Thousand and One Nights: 1 post

Scented Mementos: The Story of the Porter and the Ladies of Baghdad

The Iraqi capital Baghdad is associated today with devastation and sectarian violence, and every time another story of this troubled city unfolds on the TV screen, perfume is the last thing I usually think about. And isn’t it frivolous and unnecessary anyway? But then I remember a scented memento given to me by an Iraqi friend. “In our culture, we give a fragrant flower to sweeten the pain of saying goodbye,” she said. We were in New York then, and there were neither scented roses nor jasmine, so instead she gave me a small bottle of orange blossom water. Every time I use it in my cakes or tea, I think of Muna.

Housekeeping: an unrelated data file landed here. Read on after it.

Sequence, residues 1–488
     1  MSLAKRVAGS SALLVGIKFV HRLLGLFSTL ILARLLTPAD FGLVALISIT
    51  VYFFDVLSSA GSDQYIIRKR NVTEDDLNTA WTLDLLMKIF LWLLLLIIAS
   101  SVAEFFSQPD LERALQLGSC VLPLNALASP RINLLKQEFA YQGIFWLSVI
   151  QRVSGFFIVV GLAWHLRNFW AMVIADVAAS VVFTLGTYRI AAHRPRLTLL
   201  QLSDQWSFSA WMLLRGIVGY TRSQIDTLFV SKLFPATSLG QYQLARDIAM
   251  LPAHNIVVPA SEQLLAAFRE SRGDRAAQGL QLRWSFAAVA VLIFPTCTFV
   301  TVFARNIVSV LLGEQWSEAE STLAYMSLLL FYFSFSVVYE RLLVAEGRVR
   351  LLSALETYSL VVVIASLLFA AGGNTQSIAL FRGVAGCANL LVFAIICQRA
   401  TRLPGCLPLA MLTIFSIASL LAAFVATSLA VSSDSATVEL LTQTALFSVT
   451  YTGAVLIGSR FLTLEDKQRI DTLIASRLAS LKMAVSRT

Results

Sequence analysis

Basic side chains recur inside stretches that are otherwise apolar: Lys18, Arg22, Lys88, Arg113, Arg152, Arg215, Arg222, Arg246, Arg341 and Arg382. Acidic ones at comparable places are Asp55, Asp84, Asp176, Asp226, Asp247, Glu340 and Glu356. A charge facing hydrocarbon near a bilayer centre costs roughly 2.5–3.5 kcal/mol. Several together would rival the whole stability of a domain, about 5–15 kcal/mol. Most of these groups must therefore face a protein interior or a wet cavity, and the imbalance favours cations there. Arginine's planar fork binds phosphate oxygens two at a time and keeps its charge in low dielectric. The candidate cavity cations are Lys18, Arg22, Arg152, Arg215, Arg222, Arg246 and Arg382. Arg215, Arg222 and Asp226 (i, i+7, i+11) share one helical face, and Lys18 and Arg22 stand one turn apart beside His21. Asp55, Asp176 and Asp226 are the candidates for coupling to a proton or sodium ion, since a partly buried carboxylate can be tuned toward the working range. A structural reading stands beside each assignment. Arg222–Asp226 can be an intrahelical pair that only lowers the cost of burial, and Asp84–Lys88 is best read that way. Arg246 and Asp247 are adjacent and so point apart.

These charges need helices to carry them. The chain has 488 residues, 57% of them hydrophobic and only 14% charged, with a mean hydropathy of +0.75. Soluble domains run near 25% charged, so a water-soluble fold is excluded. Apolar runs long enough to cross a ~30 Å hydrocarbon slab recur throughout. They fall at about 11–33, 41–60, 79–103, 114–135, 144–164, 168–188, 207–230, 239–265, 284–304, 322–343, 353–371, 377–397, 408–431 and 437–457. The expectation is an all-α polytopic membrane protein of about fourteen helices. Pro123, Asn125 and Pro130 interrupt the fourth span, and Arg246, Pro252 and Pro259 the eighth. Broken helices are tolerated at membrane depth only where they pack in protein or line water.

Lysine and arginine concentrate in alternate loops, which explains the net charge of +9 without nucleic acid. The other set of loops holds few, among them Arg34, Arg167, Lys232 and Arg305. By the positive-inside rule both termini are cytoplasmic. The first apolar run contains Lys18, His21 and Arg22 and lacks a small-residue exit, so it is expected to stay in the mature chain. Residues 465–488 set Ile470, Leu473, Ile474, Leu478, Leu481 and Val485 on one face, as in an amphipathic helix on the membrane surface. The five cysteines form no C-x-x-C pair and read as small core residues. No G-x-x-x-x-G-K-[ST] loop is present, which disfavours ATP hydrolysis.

bread-seller

The tradition of sharing scents–sprinkling guests with perfume or giving them small scented gifts as they depart–has ancient roots, and with few modifications, these practices continue today. Even as Iraq has been undergoing dramatic upheavals, some things remain the same and provide a thread of continuity which becomes even more essential when nothing else is certain. When Muna describes the fragrances made by her relatives, she doesn’t just describe the sweetness of jasmine or the medicinal sharpness of saffron, she tells me about her mother and grandmother and other women who left an indelible mark on her.

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